Every year I have to have my eyes checked. There is a history of glaucoma in my family, and so I need to be sure it is caught early if I develop it. There are so many aspects of the testing, but I leave more grateful for my eyesight. the real and important challenge is to make sure I give the same care to my sight spiritually. Do I look for God? Do I see God clearly? Do I look to live my life in the light, or in the darkness? If we allow Jesus to cure our blindness, then we will be sure to see the light of his presence in all we do.

Readings for Today

Homily given at Our Lady of Lourdes, University City, Missouri, on March 30, 2019.

Homily: Make me see (Year A)

Homily: Make me see (Year A)
DePorres Pages Podcasts

 
 
00:00 /
 
1X
 

Every year I have to have my eyes checked. There is a history of glaucoma in my family, and so I need to be sure it is caught early if I develop it. There are so many aspects of the testing, but I leave more grateful for my eyesight. the real and important challenge is to make sure I give the same care to my sight spiritually. Do I look for God? Do I see God clearly? Do I look to live my life in the light, or in the darkness? If we allow Jesus to cure our blindness, then we will be sure to see the light of his presence in all we do.

Readings for Today

Homily given at Our Lady of Lourdes, University City, Missouri, on March 30, 2019.

Homily: Christian Life is not a bowl of cherries

Perhaps you have heard the expression, “Life is like a bowl full of cherries.” It is a phrase designed to tell us that life is just simply wonderful, in fact, that it cannot get better. Today’s first reading and gospel tell a different story about the Christian life. Doing the right thing does not always appear to be wonderful. In fact, doing the right thing, living as God wants us to live, is in fact, sometimes, the recipe to things appearing to get worse, not better. Jeremiah is threatened with death for being God’s prophet. Jesus is attacked for liberating the possessed. And we too, in our lives, can find that when we do what is right, we too can be threatened or persecuted. But in all of this, God is always with us. And as long as we know that, we too, like Jeremiah and Jesus, will have great cause for joy.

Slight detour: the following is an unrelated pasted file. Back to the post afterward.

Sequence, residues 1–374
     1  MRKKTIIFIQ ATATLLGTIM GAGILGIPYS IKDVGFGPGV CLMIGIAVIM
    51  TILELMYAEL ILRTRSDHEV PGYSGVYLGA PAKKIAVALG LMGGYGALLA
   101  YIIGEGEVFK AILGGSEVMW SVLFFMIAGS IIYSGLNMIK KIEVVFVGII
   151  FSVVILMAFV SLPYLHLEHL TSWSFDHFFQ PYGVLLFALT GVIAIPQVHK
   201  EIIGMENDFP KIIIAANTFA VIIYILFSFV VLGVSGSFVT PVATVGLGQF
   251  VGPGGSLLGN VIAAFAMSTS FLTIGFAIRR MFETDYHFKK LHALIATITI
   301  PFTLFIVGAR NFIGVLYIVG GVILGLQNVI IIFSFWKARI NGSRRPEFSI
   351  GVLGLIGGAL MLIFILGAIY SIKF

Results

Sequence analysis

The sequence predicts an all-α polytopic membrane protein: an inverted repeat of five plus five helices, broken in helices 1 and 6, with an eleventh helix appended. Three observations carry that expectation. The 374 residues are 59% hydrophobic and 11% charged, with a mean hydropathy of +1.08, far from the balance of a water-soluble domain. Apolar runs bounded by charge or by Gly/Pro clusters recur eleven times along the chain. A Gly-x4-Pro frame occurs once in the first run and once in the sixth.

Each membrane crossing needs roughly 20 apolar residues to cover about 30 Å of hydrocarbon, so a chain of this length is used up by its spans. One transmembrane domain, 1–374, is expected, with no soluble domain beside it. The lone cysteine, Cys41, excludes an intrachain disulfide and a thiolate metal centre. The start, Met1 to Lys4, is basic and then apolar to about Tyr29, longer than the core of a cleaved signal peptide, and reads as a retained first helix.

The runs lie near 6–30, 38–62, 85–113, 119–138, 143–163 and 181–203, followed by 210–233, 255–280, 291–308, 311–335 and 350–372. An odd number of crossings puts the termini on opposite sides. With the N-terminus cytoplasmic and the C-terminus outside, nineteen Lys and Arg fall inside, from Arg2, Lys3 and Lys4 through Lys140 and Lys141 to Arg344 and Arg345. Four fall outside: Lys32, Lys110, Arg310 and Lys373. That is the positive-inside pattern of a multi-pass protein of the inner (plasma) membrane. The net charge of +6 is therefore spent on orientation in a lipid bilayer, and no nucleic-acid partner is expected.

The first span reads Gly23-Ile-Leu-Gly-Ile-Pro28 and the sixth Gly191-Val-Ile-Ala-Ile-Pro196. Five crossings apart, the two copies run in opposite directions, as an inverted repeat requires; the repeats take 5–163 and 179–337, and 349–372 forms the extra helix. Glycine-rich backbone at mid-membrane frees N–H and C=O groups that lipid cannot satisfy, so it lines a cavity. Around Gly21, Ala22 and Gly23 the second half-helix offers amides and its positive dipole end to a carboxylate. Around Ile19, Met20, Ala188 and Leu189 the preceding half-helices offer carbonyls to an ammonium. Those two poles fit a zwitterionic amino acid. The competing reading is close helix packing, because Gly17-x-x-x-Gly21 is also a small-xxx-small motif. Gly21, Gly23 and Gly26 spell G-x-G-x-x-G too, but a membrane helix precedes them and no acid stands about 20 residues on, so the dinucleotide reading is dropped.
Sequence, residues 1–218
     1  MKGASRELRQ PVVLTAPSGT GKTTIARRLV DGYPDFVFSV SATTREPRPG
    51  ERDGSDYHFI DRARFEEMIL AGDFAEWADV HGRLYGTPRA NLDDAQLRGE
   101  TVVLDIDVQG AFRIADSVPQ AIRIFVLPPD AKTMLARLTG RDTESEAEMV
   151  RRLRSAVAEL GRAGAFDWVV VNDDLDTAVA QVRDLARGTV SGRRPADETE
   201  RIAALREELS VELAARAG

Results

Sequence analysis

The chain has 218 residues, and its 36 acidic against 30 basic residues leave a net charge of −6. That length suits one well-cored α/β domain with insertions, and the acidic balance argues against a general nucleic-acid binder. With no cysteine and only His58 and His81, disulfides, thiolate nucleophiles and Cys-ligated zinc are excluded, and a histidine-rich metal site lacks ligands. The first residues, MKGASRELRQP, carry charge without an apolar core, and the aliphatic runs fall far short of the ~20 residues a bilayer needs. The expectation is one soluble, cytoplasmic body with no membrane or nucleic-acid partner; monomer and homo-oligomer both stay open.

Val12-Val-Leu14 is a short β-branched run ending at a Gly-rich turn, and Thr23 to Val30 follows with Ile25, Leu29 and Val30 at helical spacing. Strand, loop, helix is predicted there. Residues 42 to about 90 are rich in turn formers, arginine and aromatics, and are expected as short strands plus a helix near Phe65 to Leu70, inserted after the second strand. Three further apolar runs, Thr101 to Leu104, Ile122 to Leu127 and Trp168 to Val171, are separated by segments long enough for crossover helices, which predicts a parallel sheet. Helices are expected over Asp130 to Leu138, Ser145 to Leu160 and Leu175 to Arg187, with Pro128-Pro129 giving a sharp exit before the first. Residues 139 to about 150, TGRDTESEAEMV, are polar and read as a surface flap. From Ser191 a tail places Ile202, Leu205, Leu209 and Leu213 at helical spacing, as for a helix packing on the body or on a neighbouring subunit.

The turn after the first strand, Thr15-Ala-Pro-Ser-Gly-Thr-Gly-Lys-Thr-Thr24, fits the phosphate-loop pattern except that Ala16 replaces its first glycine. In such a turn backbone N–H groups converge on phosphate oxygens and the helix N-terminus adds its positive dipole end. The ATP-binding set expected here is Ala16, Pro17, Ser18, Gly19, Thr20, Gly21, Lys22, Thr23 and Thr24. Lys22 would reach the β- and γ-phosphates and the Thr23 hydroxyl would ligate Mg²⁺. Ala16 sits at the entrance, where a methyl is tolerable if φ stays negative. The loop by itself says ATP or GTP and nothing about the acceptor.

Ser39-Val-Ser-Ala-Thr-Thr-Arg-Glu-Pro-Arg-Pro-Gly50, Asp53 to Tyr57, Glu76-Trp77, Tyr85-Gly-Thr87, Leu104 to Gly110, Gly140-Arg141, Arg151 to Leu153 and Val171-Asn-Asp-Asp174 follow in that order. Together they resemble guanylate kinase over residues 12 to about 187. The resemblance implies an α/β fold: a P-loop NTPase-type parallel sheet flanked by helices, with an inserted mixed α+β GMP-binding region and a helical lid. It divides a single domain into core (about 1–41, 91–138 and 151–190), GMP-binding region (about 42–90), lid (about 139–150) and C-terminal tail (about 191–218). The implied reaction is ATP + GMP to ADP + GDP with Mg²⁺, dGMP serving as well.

Readings for Today

Homily given at Christian Brothers College High School on Thursday, March 28, 2019, in Town and Country, Missouri.

Homily: Christian Life is not a bowl of cherries

Homily: Christian Life is not a bowl of cherries
Daily Homilies

 
 
00:00 /
 
1X
 

Perhaps you have heard the expression, “Life is like a bowl full of cherries.” It is a phrase designed to tell us that life is just simply wonderful, in fact, that it cannot get better. Today’s first reading and gospel tell a different story about the Christian life. Doing the right thing does not always appear to be wonderful. In fact, doing the right thing, living as God wants us to live, is in fact, sometimes, the recipe to things appearing to get worse, not better. Jeremiah is threatened with death for being God’s prophet. Jesus is attacked for liberating the possessed. And we too, in our lives, can find that when we do what is right, we too can be threatened or persecuted. But in all of this, God is always with us. And as long as we know that, we too, like Jeremiah and Jesus, will have great cause for joy.

Readings for Today

Homily given at Christian Brothers College High School on Thursday, March 28, 2019, in Town and Country, Missouri.

Homily: Life without the Snooze Button (11am)

I do not usually tell people what I am doing for Lent. I really believe that it is best left between me and God, so I do not take credit for it. It is important, for me, not to see my Lent as a time where I reward my will power. Lent is not about that. Rather, it is a time for me to open myself more fully to God’s grace in order to become more like Christ. This year, though, to provide an example of how this might work, I decided to share that for Lent, I have given up the snooze button. Anyone who knows me just a little bit is aware that I am not a morning person. But I thought this was good not just to see if I could do it (I am not completely confident) but rather to see if I could use the extra time for prayer. In today’s gospel, we see that Jesus was led by the Spirit, where he encountered temptation. In doing so, Jesus foreshadows that he has won the victory over sin and death, and so too can we share in that victory.

Readings for Today

Homily recorded at Our Lady of Lourdes Parish, University City, Missouri on March 10, 2019.